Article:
Freed Tibetan Monk's Welcoming Ceremony Blocked by Police

2015-03-25
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Palden Gyatso, in an undated photo.
Palden Gyatso, in an undated photo.
Photo courtesy of an RFA listener.

Authorities in northwestern China’s Qinghai province have ordered supporters of a freed Tibetan political prisoner not to publicly celebrate his release, threatening severe punishment for anyone caught filming images of his return, sources said.

Palden Gyatso, 46, was freed in the early morning hours of March 21 after serving six years of a seven-year prison term for taking part in a 2009 protest against Chinese rule, a local source told RFA’s Tibetan Service.

He was then brought “in secret” to his home in Machen (in Chinese, Maqin) county in the Golog (Guoluo) Tibetan Autonomous Prefecture, RFA’s source said, speaking on condition of anonymity.

“On that day, monks and local residents wanted to welcome him, and were preparing a grand reception,” the source said.

Authorities at first told area residents they would be allowed to welcome Gyatso at a place near Ragya monastery, where he had previously served as a monk in charge of discipline, the source said.

“But later they changed their mind and posted police everywhere, and the people who came to welcome him were restricted to the area of the monastery itself.”

Photos banned

Local Tibetans were further warned against taking photographs or making video recordings of Gyatso’s return, and were told they would be “severely punished” if such images were distributed to contacts outside the area.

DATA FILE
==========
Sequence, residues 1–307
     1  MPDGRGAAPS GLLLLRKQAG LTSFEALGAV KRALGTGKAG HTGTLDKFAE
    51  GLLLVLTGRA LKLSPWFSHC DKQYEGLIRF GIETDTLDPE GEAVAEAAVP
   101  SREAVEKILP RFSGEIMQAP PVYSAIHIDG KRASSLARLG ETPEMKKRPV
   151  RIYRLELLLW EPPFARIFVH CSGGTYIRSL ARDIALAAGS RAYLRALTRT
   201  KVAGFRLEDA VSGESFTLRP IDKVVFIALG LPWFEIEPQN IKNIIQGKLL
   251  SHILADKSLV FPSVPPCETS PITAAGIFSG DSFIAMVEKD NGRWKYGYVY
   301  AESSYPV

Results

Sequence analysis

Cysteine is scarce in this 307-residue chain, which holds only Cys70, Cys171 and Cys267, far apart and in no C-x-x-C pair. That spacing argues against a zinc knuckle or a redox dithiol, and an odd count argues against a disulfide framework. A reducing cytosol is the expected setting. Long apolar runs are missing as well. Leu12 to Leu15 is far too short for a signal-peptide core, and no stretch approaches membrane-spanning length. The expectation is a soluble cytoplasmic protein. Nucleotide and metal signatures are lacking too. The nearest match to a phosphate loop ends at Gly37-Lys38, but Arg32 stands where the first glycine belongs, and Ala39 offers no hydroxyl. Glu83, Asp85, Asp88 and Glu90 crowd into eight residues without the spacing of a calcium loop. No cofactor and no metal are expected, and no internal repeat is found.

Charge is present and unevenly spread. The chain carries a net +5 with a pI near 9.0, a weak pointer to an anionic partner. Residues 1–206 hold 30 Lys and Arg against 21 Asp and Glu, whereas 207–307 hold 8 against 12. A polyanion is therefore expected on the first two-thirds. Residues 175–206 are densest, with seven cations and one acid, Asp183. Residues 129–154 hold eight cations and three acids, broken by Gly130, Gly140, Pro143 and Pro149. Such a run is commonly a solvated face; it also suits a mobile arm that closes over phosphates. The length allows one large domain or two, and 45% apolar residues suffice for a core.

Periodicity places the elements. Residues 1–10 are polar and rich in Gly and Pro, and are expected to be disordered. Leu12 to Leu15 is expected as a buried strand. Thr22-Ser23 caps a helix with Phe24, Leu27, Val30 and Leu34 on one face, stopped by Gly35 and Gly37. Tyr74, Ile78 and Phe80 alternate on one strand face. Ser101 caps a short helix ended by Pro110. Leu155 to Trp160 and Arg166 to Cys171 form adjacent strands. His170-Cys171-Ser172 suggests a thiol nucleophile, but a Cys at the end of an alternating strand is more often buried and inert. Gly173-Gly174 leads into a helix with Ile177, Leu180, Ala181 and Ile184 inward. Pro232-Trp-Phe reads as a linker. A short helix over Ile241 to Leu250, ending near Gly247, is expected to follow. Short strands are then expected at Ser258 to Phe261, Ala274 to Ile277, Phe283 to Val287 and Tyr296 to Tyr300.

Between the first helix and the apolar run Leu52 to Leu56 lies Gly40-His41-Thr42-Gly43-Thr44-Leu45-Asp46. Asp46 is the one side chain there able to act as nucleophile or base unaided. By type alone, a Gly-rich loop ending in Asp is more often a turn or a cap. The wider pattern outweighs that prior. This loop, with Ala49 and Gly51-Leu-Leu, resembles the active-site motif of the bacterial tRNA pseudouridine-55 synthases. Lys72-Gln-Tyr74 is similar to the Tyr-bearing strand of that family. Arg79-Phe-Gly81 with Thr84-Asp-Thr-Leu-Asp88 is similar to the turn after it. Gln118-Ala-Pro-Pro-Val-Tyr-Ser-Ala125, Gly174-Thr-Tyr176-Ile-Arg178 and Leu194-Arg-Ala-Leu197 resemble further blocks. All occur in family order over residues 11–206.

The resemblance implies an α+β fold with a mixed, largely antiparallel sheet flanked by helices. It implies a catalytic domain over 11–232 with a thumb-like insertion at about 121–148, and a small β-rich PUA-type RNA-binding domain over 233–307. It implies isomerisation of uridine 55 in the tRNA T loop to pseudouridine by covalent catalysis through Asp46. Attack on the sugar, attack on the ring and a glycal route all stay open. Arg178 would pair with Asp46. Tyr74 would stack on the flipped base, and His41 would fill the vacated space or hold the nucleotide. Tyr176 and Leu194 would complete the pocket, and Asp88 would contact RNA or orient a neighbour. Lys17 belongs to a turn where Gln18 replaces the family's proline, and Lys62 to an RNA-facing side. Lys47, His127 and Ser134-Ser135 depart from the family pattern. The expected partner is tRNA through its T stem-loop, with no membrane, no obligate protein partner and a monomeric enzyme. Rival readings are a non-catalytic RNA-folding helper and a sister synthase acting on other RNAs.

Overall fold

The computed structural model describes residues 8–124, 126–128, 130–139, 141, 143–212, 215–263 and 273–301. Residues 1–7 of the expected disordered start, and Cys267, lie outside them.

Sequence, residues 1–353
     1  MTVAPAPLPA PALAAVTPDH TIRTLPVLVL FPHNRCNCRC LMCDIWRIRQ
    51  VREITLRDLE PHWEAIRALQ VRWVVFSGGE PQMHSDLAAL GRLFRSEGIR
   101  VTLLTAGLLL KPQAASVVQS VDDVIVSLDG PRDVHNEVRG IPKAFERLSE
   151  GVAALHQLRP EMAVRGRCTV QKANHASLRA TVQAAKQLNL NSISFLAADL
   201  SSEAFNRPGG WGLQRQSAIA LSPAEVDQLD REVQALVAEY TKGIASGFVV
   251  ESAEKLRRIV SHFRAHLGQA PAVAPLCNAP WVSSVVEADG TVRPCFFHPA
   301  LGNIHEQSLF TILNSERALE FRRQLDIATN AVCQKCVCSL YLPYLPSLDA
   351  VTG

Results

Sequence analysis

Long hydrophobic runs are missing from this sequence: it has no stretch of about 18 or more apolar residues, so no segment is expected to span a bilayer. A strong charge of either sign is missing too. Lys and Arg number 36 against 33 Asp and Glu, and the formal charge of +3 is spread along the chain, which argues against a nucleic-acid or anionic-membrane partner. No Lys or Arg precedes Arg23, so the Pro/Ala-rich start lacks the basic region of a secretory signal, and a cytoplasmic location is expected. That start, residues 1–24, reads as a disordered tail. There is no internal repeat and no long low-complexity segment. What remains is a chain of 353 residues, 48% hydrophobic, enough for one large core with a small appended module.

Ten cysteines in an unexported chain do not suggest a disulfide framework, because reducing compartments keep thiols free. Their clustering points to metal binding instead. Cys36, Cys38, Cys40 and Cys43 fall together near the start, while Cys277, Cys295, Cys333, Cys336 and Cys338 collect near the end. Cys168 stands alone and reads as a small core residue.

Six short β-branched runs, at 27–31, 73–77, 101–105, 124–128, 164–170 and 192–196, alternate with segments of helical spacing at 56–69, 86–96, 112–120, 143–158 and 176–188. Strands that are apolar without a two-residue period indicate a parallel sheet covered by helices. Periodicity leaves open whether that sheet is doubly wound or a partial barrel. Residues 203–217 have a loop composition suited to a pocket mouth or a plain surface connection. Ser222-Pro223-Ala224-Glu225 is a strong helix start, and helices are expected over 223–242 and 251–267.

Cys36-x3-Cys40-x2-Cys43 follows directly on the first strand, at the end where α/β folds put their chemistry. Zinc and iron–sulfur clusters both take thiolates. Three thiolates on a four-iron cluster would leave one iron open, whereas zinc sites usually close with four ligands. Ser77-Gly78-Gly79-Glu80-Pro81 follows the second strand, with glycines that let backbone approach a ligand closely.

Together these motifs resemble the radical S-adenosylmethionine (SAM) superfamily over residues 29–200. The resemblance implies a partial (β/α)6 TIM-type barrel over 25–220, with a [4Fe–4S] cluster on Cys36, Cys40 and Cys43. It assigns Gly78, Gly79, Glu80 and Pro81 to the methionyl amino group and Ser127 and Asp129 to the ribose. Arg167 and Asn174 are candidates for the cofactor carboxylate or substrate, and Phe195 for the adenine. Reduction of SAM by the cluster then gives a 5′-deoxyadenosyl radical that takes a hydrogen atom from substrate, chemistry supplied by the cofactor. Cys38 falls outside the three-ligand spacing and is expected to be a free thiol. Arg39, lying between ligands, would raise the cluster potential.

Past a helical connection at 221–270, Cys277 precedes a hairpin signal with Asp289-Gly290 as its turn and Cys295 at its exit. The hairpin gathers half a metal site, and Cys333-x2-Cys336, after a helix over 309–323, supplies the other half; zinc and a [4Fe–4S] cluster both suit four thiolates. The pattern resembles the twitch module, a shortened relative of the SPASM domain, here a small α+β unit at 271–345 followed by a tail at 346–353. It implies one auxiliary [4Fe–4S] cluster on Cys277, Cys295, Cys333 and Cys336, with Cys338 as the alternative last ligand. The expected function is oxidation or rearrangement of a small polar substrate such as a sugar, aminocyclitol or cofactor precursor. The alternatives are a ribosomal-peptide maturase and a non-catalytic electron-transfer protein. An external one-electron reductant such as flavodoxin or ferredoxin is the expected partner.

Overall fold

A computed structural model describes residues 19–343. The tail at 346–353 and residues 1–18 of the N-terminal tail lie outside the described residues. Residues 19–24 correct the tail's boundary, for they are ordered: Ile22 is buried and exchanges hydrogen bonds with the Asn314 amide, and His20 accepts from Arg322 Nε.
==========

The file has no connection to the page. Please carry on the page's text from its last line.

Police then confiscated mobile phones belonging to Gyatso’s family members and friends and noted down the numbers of phones held by others in the crowd, RFA’s source said.

No explanation was given for Gyatso’s early release from prison, where he had served six years of a seven-year sentence for joining local protests following the March 2009 drowning of a Ragya monk who had thrown himself into a river to escape detention by police.

The monk, Tashi Sangpo, had been sought by authorities for pulling down a Chinese flag at Ragya and hoisting the banned Tibetan national flag in its place, sources said.

Sporadic demonstrations challenging Chinese rule have continued in Tibetan-populated areas of China since widespread protests swept the region in 2008, with 137 Tibetans to date setting themselves ablaze to oppose Beijing’s rule and call for the Dalai Lama’s return.

Reported by Kunsang Tenzin for RFA’s Tibetan Service and by Dan Zhen for the Mandarin Service. Translated by Rigdhen Dolma and Ping Chen. Written in English by Richard Finney.

CH. 1: MANDARIN | CANTONESE

CH. 2: VIETNAMESE | BURMESE | KOREAN

CH. 3: KHMER | LAO | UYGHUR

CH. 4: TIBETAN

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